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Composing Landscapes

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Framing, organization, exhibition…Composing a landscape requires knowing how to observe, but also how to make the best decisions at the right moment.

1. Finding the Best Frame

  • Choose Your Viewing Angle:  Don’t hesitate to move several feet away or look for a dominant position to get a bit of height.
  • Define Your Format: 
  • --Vertical:To highlight the verticality of certain lines

    --Horizontal:To reproduce a landscape with few reliefs (beach, plain),abandon the classic rectangle in favor of a more panoramic format.

  • Frame Your Composition:  You will reproduce only part of your visual field.
  • --To limit your gaze, use an empty cardboard box.

    --Avoid centering the line of the horizon.

  • Design with Nature:  Choose elements that distinguish your work (cliffs, trees, paths…) and define points of interest (perched villages, people, etc.).  Be Careful:  Never center them, because your work will lack life and depth!
  • Prioritize:  Eliminate superfluous elements; use your imagination to create additional points of interest.


Trick of the Trade: Guide the Viewer’s Eye

A successful landscape gives the impression that one might go for a walk there, from the foreground to points of interest of in the background.

  •  Exploit natural, directing lines:  the furrows of plowed fields, rows of vines…
  • Avoid filling up the foreground with horizontal masses (fallen tree trunks, for example) that will cause the viewer to pause.  If necessary, create a series of objects that the eye will take in one after another.

2. Organizing Space

  • The Foreground is very important to the final composition.    If your principal point of interest is in the background, avoid putting large subjects in front of it.  It’s simply a question of activity (a field of flowers, for example).  And it should not necessarily be placed in the foreground of the work.  A scene bordered vertically by a tree makes for a strong foreground, but it also invites one to look behind it.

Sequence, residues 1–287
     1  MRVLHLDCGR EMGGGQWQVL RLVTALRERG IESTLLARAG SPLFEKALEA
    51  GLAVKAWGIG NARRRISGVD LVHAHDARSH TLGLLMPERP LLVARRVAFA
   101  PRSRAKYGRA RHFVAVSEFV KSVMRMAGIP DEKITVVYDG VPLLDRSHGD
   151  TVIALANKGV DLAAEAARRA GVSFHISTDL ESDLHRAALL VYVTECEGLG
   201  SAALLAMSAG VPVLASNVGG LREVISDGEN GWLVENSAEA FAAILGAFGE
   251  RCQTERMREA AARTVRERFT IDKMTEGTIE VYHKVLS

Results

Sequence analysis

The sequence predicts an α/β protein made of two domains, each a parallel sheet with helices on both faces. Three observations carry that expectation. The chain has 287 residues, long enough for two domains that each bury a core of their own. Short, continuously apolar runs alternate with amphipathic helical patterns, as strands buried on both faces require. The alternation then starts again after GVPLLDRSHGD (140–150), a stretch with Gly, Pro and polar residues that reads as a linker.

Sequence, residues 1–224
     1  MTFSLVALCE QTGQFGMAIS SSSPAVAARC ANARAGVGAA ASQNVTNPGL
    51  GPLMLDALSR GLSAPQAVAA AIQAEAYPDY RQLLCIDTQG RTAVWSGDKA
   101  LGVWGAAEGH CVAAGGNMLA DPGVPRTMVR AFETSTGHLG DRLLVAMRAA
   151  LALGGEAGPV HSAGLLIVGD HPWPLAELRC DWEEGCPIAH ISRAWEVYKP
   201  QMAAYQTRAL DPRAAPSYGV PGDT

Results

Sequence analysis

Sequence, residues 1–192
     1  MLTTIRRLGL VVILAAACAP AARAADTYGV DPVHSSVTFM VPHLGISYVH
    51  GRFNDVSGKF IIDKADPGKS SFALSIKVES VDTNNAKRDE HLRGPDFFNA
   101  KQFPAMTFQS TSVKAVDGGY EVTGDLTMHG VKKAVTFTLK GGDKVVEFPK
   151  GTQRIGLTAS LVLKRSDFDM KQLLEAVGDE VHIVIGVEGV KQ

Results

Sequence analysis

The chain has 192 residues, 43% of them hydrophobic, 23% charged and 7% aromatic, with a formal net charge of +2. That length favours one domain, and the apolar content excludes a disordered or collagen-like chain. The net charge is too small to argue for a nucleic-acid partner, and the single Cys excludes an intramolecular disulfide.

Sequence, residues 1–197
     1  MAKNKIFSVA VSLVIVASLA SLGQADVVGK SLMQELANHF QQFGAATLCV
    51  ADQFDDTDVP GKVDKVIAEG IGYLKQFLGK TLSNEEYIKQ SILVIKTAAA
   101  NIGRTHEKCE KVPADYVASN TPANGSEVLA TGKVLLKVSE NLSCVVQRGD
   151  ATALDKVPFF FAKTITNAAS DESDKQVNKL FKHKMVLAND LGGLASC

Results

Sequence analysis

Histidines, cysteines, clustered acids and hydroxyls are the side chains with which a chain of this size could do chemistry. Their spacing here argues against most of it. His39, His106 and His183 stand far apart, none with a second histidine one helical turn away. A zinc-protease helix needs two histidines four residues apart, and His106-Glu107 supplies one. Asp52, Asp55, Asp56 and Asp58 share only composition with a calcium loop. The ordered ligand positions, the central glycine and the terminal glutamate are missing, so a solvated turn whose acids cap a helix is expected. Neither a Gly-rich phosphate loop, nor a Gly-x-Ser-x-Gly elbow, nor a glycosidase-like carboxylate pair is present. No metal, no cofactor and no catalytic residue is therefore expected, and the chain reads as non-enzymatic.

• Distance is generally confused with the horizon.  There, the colors are more somber and bluish; shapes dissolve and contrasts fade.  It’s the best way to suggest distance.
  • Intermediate Planes:  They harbor and structure the points of interest, notably in function of their proportions.

3. Conveying Proportions

A large space in the background seems tiny compared to a bland rock placed just in front of you.  This evidence is, however, one of the principal pitfalls encountered by the landscape artist.  To avoid making mistakes:

  • Confirm the relative volume  of different subjects.  Hold a pencil at arm’s length and measure the height and breadth of each element:  put the point of the pencil at one end, and your finger at the other end.
  • Transfer these proportions to your sketch.

4. Successful Perspectives

  • Position a point on the horizon (called a “vanishing point”) and imagine a body of lines converging towards this vanishing point.
  • Place your subjects within these lines, using dimensions that are significantly smaller as they move away from the vanishing point.
  • This simple, conical perspective suggests how we perceive the subject when facing it.  For more complex points of view (from the side or from a high angle, for example), you may need to employ two or three vanishing points.

5. Choosing the Light

A landscape’s interest also depends on its exhibition.

  • Choose a time of day and choose, once and for all, the luminosity of your work:  colors, orientation, density, and volume of shadow.
  • If needed, take a photo… because the situation will surely have changed the next time that you take your eyes off the easel.

Trick of the Trade: Work Progressively with the Light

Including shadows and touches of light is the best way to bring your landscape alive and highlight the principal subjects.  To avoid major errors, save strong contrasts for the foreground, and decrease them little by little as you approach the horizon.

7. Three Traps to Avoid

  • Overemphasizing the Foreground, at the risk of forgetting the rest.  A landscape is a balanced composition, not a subject surrounded by a décor.
  • Keeping your Eyes on the Easel:  Confirm proportions and perspective by regularly taking a few steps back.  You can even look at your work with your back to it, using a mirror.  This way, you will frequently see small anomalies to correct.
  • Reproducing Objects as They Should Be:  The leaves of a plane tree are bright green and the hills are immense… But light and proportions permanently change these realities.  Observe… and draw what your eye shows you.  Don’t confine yourself to absolute truth!